Ex-Army officer Jameson takes a job a prison guard at San Quentin. Joe, the brother of his new girlfriend May, is sentenced to the prison for robbery. When Jameson tries to separate lawbreakers from hardened criminals, badguy Hansen tries to stir up trouble by telling Joe about Jameson\'s interest in his sister.
Pat O\'Brien ... Captain Stephen \'Steve\' Jameson
Humphrey Bogart ... Joe \'Red\' Kennedy
Ann Sheridan ... May Kennedy, aka Mae De Villiers
Barton MacLane ... Lieutenant Druggin
Joe Sawyer ... Carl G. \'Sailor Boy\' Hanson (as Joseph Sawyer)
James Robbins ... Convict Mickey Callahan
Veda Ann Borg ... Helen
Joe King ... Warden Taylor (as Joseph King)
Gordon Oliver ... Army Captain
Emmett Vogan ... Army Lieutenant
Garry Owen ... Dopey Rogers
Marc Lawrence ... Venetti
Max Wagner ... Prison Runner
This is one of those odd situations where the actors were some big names and decent in their performances, and the story wasn\'t bad....yet there wasn\'t much appeal to it, either. Only the action scene in the last 10-15 minutes provided any spark to this film which was too flat, for the most part.
The story was about a new guy in charge of the San Quentin prison yard who was going to be humane and make things work. Pat O\'Brien plays that guy, \"Capt. Steve Jameson.\" The previous man in charge is a nasty, corrupt bird named \"Lt. Druggin,\" who Barton MacLane plays effectively well.
In the meantime we have the featured crook, \"Red Kennedy,\" played by Humphrey Bogart, who almost always played villains in his 1930 films, and we have his sister \"May\" played by Ann Sheridan. O\'Brien has the hots for her and promises to be fair to her brother. \"Red,\" however, is too paranoid and stupid to appreciate what\'s done for him and that\'s when we get to the interesting finale to the film.
Overall, not bad but not worth watching a second time. At 70 minutes, at least it didn\'t overstay its welcome.
They\'ve got a new captain of the guards coming to San Quentin in Pat O\'Brien. Barton MacLane who held the job previously is demoted and is in a foul mood.
A couple of new prisoners are arriving as well. Joe Sawyer as a hardened criminal and Humphrey Bogart who O\'Brien believes is salvageable. O\'Brien also meets up with Bogey\'s sister, Ann Sheridan and they get to kanoodling.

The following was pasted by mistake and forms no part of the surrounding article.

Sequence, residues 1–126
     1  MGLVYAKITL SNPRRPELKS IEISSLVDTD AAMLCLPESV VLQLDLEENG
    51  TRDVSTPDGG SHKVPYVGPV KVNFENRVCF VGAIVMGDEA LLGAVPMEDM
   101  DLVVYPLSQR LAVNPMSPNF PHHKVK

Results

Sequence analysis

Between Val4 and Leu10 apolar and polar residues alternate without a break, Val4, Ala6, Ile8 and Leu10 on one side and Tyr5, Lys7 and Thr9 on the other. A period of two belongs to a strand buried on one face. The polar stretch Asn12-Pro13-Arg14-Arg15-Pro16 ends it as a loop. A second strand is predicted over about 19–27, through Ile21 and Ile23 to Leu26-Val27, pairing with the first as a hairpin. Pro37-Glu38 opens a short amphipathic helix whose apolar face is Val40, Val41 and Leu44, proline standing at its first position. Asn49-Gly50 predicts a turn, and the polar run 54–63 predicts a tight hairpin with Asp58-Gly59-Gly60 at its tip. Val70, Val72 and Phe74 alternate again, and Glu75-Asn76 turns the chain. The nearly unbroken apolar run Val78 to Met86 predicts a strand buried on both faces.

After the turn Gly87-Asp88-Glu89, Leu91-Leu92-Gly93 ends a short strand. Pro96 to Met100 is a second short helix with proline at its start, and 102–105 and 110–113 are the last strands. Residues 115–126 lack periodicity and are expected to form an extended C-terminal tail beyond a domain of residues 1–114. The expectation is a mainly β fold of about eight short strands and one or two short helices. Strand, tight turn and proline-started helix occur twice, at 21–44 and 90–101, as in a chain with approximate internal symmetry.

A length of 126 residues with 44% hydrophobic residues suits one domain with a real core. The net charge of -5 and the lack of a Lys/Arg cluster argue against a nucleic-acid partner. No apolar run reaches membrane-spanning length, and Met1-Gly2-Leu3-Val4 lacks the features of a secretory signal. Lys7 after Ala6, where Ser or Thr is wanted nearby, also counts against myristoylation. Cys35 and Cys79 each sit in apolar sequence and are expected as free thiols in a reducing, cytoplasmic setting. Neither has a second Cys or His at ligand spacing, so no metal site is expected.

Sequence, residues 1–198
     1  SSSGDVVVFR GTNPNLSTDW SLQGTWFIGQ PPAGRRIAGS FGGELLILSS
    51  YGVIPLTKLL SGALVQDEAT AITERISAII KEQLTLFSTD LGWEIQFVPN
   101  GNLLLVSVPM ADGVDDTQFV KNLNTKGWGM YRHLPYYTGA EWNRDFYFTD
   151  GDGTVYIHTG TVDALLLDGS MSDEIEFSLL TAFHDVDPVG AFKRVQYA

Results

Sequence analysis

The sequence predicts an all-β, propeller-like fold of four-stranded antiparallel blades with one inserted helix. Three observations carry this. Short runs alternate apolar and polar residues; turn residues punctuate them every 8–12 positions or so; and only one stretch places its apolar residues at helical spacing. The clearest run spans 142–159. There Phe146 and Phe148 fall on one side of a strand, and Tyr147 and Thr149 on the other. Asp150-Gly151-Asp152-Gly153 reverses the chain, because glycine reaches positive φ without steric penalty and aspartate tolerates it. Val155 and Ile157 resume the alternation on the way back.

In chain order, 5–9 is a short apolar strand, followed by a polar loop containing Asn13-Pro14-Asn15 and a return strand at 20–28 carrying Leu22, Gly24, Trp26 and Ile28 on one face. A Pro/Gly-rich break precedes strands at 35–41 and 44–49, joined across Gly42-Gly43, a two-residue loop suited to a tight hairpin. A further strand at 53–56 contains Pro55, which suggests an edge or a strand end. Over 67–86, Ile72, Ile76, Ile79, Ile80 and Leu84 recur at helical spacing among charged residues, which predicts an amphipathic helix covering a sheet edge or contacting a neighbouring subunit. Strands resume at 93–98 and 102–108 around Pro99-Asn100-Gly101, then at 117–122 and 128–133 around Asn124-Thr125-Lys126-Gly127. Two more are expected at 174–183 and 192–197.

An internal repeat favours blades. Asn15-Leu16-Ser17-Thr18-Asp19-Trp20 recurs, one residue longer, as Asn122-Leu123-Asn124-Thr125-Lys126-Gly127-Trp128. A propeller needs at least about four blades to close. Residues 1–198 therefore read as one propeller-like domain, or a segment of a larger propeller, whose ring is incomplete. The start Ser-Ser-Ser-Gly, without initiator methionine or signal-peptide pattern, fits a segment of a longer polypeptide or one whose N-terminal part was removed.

Each for their own motives, Sawyer and MacLane play Iago to Bogey\'s inner Othello and Bogey and Sawyer crash out of San Quentin.
Back in the day Warner Brothers was the great working class studio, with many a film of social significance. San Quentin is one of these, but it\'s hardly the best one. I\'m at a loss to see why O\'Brien thinks Bogart is so salvageable other than his involvement with his sister.
Joe Sawyer has one of his best film parts in San Quentin. He\'s a hardened criminal and that\'s all there is to it. He played a similar role vis a vis Bogart in Black Legion which is a much better film.
Also Garry Owen has a nice turn as a stir crazy convict who O\'Brien has to face down and disarm.
Dedicated fans of Humphrey Bogart will like this film, others can take it or leave it.
\"San Quentin\" as the name implies is a trim little prison movie (it runs a scant 70 minutes) from Director Lloyd Bacon and Warner Brothers.
Ex Army Captain Steve Jameson (Pat O\'Brien) takes a job as Captain of the Yard of San Quentin prison replacing acting Captain Druggin (Barton MacLane) whose handling of the prisoners was questioned by Warden Taylor (Joseph King).
Before taking up his duties, Jameson meets singer May Kennedy (Ann Sheridan) in a nightclub and the two become attracted to each other. May\'s brother \"Red\" Kennedy (Humphrey Bogart) is on the lam and comes to her for money but is arrested at the club in front of Jameson. Guess which prison Red will be sent to.
Jameson takes up his duties and vows to instill discipline and respect in the prisoners. Meanwhile Red turns up at the prison in the company of hard timer Sailor Boy Hansen (Joe Sawyer). Hansen plots an escape and asks Red to go along.